• Play lots of cards and boardgames
  • Jam on some of the dozen or so instruments we have lying around the house
  • Watch movies on Netflix and at our local theatre
  • Hope for cold weather and snow so we can go toboganning, skiing and skating and come home to make hot chocolate
  • We might even try to get rush seats to the Pantomime or the Nutcracker
  • Spend lots of time together in the kitchen cooking up some of our favorite comfort foods like Blondies and Roasted Root Vegetables

Those are just a few of my ideas. What do you think we should do to make memories and enjoy some quiet time together?

Wednesday, November 2, 2011

Waxing Poetic About Hairdryers

My computer is in the sunny front window of my kitchen. I love to be able to look out at the kindergarteners coming home for lunch after a busy morning at school. Asher the Yorkie sleeps in my lap, waking up only occasionally to bark at a dog being walked by the house.

For the last while however my view has been marred by unsightly candle wax on the panes of glass. As I contemplated getting to work to clean away the wax and write a blog post about it I started trying to remember how long the wax had been there. Perhaps I had put a Chanukah Menorah in this window last year?

When I took out my box of Halloween decorations and wondered where I should put the candlesticks with the orange candles to beckon trick or treaters it all came back to me. Last year, or maybe even the year before, I put the candlesticks in the front window. The constant opening and closing of the front door as I handed out candy caused the candles to sputter, splattering the window with candle wax.

I know I should have cleaned it up when it happened. It would have taken far less time than I've spent worrying about how hard it's going to be and how long it's going to take.  I'm finally ready to tackle this task so here we go:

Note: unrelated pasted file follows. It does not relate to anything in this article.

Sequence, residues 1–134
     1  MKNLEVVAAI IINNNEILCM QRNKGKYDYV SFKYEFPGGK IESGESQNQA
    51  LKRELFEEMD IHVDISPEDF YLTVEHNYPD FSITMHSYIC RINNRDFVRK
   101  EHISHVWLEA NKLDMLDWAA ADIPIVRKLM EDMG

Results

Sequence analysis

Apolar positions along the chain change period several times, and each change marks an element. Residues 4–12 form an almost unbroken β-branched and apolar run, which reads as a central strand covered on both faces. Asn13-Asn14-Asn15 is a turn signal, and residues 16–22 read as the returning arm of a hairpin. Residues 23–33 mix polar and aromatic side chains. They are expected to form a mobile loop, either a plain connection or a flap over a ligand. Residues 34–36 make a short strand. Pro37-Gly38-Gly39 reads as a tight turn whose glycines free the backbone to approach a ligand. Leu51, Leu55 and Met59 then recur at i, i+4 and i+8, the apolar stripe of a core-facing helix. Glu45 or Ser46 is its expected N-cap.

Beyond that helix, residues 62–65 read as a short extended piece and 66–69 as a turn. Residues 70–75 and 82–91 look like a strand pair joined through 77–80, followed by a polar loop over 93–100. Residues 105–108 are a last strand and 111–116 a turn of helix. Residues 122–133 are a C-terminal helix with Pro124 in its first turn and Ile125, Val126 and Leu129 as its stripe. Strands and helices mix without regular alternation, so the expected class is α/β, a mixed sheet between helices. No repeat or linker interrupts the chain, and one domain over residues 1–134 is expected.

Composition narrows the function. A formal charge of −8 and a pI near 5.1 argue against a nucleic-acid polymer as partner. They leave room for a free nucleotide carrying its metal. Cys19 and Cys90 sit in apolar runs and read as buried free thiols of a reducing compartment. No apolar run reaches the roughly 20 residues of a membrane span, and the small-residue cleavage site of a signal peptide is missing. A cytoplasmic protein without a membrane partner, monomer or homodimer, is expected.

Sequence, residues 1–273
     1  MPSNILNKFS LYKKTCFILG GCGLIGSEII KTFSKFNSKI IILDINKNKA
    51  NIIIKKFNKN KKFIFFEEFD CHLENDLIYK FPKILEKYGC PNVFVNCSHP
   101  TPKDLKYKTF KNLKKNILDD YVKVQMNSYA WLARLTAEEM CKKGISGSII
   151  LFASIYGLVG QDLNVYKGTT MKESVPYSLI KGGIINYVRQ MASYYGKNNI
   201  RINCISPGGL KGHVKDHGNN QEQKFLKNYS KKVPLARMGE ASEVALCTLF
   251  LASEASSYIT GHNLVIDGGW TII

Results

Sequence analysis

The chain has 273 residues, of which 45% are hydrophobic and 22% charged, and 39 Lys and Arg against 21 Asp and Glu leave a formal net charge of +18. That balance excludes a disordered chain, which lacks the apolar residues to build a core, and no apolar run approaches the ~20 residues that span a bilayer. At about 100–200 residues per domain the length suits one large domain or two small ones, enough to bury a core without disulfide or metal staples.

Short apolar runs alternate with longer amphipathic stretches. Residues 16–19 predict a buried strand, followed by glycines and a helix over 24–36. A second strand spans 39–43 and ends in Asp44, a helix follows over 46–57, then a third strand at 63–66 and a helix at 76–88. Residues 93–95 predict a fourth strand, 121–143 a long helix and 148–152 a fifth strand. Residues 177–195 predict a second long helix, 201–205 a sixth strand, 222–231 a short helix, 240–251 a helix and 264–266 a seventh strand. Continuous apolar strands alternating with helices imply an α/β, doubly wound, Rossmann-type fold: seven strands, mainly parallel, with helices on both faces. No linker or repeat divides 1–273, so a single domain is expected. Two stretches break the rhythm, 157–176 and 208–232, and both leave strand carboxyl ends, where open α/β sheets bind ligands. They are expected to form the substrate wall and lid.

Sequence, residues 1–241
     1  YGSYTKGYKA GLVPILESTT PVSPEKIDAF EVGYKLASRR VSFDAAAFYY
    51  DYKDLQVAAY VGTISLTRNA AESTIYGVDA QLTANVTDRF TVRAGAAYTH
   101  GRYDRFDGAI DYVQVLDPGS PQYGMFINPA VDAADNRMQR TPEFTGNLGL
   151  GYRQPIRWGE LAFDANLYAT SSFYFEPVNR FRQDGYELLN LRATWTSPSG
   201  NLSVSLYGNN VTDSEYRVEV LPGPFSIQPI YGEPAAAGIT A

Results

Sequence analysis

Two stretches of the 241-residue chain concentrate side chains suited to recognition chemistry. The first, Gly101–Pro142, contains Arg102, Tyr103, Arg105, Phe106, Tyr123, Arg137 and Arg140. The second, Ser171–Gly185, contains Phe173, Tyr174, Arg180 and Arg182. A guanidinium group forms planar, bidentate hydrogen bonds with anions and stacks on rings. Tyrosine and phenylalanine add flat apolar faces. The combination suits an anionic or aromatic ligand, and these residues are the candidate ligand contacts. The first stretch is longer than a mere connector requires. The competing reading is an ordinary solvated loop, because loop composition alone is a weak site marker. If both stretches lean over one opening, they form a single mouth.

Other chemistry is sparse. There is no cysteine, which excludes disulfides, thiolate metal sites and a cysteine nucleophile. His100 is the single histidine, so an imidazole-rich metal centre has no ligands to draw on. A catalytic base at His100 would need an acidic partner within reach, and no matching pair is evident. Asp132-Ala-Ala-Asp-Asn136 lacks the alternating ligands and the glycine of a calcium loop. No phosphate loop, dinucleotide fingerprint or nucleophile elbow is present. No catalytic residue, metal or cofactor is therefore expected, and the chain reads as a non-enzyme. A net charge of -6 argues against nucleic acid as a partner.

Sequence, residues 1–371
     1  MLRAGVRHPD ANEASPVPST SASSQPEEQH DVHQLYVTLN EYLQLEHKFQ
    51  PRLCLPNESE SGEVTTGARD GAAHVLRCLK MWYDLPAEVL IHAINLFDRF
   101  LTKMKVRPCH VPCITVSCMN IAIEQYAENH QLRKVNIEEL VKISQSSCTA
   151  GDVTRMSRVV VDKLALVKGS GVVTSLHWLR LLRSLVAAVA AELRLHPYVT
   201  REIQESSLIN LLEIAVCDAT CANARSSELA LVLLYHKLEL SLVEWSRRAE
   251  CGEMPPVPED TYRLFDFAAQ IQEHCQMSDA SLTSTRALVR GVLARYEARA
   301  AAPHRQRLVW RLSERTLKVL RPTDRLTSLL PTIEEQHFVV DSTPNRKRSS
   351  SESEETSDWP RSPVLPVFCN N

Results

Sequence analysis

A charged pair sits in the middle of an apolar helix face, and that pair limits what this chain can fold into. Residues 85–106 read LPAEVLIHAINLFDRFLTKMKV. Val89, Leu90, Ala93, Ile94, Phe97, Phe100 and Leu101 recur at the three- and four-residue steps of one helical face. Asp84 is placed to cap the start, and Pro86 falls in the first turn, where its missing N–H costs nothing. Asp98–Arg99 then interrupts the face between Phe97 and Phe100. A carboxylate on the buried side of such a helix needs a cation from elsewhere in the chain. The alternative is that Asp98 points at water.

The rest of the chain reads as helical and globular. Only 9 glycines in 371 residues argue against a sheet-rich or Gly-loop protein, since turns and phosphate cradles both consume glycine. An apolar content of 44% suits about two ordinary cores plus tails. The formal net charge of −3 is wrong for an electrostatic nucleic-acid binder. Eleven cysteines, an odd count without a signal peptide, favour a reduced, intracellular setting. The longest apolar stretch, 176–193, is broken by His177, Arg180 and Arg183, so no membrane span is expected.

1. Clear off the space in front of the window so you'll have lots of room to work. This will be a challenge for me to do because I'm trying to use the computer at the same time and it's right in front of the window. I'll just shift it to the side.
  2. When I Googled "remove candle wax from glass window" I came up with two opposite approaches.The most recommended method is to let the wax harden and then scrape it off carefully with a fresh razor blade, box cutter or paint scraper. Washing the window with warm soapy water when you're finished. On the other hand you can get the wax really hot, wipe it off with a soft cloth or paper towel and then wash the window. Since I have two panes of glass to work with I will now attempt both methods.
  3. Gather your supplies. I'll use an exacto knife for the left side, followed by windex and a soft cloth. For the right side I've grabbed a hairdryer to melt the wax, paper towel to try to soak up the melted wax, and the windex and cloth to finish up. Don't forget to lay out a dish towel to catch the wax scrapings.

Mummy's little helper

The results are in! 

Scraping the window with the exacto knife was messy, time consuming and left an unacceptable amount of residue even after scrubbing with Windex.

Heating the wax with the hairdryer was quick, easy and 100% effective! In fact, it was so easy that I'll be putting the candles back in the window next Halloween and not worrying if they sputter!